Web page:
Recently I wrote a column about the healing power of female
friendship. Shortly afterwards, a reader
suggested I do an essay on friendship between women and men. Her message couldn't have been more
timely: I'd been thinking of doing just
that, especially after The New York Times ran a piece in June on male
friendship that focused on relationships between gay and straight men an
emphasis highly relevant to what I wanted to say about male-female friendship.
Also, on a trip to London during the summer, I was reminded of
the perils of friendship between the two genders, and of the misconceptions
that often ensue when women and men are friends with each other. That's because we visited someone whose
friendship with me back in the 1970s nearly cost me my reputation. Remembering what happened back then prompted
me to ruminate on this topic.
In 1971, my
not-yet-husband had concluded his three-year gig at the British Embassy in Washington, D.C. where we
met and had returned to his job in London. He was succeeded by another very nice young
bachelor who realized immediately that he had a tough act to follow. I could tell that he was a bit lonely, as was
I with the departure of my "boyfriend."
We struck up an immediate friendship and began to do things together. Once, we went to New York to see an opera, a visit that
necessitated an overnight stay in separate rooms. In no time at all, rumors
flew fast and furious; everyone who knew us (and my soon-to-be-fiance') assumed
that I had, to be blunt, jumped tout
suite from one bed into another.
that a man and a woman might be "just friends" seemed inconceivable to everyone
we knew. At the same time, the idea that
all relationships between males and females were inevitably sexual was
inconceivable to me. What was so hard to
grasp, I wondered, about two people who enjoyed each other's company and had
things in common becoming friends?
my entire adult life this question has plagued me. Why is every relationship between women and
men assumed to be sexual? (Let's leave
aside the sleazy histories of politicians here.) I've had people really close
to me, people who should know me better -- assume that I'd behaved
inappropriately with colleagues, friends' husbands, men I've made friends with
continents away and with whom I have corresponded. Once, someone even suggested that one of my
fictional characters must have been someone I'd been involved with!
York Times article pointed out that "friendships between gay and straight
men have barely registered on the pop culture radar, perhaps because they
resist easy classification." The same
can be said, I think, about friendships between men and women. Such alliances confuse some people. They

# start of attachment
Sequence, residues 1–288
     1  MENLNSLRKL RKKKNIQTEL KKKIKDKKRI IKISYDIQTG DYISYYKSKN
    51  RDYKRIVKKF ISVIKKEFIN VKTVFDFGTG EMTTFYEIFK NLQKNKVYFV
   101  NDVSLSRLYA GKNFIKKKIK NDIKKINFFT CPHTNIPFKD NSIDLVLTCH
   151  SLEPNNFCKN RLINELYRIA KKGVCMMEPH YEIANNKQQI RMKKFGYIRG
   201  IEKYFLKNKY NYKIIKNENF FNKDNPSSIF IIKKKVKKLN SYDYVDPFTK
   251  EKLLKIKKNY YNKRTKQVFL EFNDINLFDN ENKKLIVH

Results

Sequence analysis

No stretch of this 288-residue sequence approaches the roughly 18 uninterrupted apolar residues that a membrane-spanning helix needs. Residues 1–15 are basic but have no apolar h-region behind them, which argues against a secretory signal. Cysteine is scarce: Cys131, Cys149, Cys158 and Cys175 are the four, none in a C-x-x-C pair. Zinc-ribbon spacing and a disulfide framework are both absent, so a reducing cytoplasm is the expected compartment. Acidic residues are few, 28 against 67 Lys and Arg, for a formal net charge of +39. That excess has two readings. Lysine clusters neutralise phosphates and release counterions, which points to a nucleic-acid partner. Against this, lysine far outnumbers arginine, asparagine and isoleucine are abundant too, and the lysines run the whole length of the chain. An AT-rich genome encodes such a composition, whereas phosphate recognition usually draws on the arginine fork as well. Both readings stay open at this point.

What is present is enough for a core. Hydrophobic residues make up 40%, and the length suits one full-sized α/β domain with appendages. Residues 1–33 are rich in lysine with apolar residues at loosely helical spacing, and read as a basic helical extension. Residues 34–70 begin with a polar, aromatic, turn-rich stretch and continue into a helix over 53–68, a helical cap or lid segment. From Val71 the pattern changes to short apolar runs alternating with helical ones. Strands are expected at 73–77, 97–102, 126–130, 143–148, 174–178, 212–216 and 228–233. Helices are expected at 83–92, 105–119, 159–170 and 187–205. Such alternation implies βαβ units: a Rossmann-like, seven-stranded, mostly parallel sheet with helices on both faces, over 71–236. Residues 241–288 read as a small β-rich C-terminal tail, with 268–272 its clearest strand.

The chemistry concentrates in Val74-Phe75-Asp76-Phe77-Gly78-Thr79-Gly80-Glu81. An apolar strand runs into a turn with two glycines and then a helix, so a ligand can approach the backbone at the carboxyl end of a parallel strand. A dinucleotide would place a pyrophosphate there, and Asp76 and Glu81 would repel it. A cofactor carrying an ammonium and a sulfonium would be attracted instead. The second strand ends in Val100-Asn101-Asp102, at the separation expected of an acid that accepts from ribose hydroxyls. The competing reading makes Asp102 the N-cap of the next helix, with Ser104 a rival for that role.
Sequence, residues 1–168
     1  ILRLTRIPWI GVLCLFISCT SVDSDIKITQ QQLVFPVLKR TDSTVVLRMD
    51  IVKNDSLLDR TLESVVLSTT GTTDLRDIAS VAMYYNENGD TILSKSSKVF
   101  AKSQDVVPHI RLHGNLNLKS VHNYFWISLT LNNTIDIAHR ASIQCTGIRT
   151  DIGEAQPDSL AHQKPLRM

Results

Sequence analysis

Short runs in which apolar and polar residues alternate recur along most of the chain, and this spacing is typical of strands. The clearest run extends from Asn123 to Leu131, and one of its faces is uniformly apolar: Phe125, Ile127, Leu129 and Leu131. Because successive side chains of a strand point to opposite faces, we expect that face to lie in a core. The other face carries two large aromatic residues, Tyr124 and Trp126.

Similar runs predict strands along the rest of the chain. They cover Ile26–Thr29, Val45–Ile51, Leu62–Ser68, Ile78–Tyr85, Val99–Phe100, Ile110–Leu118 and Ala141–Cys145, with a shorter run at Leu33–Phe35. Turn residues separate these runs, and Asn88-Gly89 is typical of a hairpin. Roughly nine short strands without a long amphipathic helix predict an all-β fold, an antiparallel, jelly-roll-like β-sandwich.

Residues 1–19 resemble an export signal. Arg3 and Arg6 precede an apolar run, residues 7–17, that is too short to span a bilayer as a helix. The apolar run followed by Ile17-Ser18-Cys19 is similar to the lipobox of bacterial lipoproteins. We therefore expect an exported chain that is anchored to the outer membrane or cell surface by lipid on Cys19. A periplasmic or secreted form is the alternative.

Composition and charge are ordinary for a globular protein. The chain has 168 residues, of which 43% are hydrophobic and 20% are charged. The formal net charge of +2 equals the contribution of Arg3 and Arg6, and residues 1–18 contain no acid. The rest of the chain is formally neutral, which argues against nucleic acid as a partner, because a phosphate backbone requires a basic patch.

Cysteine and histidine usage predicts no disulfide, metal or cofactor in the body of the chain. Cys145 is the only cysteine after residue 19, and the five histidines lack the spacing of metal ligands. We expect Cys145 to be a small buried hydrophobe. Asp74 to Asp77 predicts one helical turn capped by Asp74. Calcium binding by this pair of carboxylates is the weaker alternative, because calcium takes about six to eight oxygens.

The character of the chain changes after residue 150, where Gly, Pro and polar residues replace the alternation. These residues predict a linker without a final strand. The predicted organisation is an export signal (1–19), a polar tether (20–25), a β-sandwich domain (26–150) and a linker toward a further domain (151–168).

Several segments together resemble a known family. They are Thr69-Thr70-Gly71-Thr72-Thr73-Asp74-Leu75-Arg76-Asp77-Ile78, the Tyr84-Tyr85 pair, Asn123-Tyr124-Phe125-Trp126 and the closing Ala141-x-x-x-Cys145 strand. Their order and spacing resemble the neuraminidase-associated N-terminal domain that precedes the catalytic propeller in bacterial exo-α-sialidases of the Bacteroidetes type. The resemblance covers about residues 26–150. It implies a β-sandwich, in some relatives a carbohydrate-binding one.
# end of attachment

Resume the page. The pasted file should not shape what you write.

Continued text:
shock others who at some level find them inappropriate, counterintuitive, or
too risky to contemplate. In a world as
sexualized as ours, they just don't fit.
We assume, as Billy Crystal did in the film When Harry Met Sally,
that it's difficult for men and women to be friends because "the sex part
always gets in the way."
is, it doesn't. And you miss a lot of
potentially great pals if you think it does.
Some of the richest friendships of my life have been with men for whom I
had zero physical attraction. Even when there were latent feelings of that
nature, what I wanted most to share with that person was the gift of the friendship
we had developed, not a roll in the hay. And I hate to say this, but some of my
best friends really are gay. Why in the
world would I want to miss out on what each of those unique friendships has added
to my life just because my reputation might go down the tubes?
we meet our friend in London,
who's been married nearly as long as we have, he and I still laugh about what
people thought nearly forty years ago.
But it didn't seem very funny at the time, and I still wonder why it's
so hard to trust the simple camaraderie between two individuals.
Maybe things have changed. I look at my daughter's generation and sense
that they have; that no one looks at her askance because she maintains
friendships with her old school chums, irrespective of gender. I would hope that by now, in a more
gender-neutral and sexual orientation-sensitive world friends can just be
friends and lovers can still be lovers.
It would be one less thing to worry about. And one more pleasure to enjoy, no innuendo
Elayne Clift is a writer,lecturer, workshop leader and activist. She is senior correspondent for Women's Feature Service, columnist for the Keene (NH) Sentinel and Brattleboro (VT) Commons and a contributor to various publications internationally. (more...
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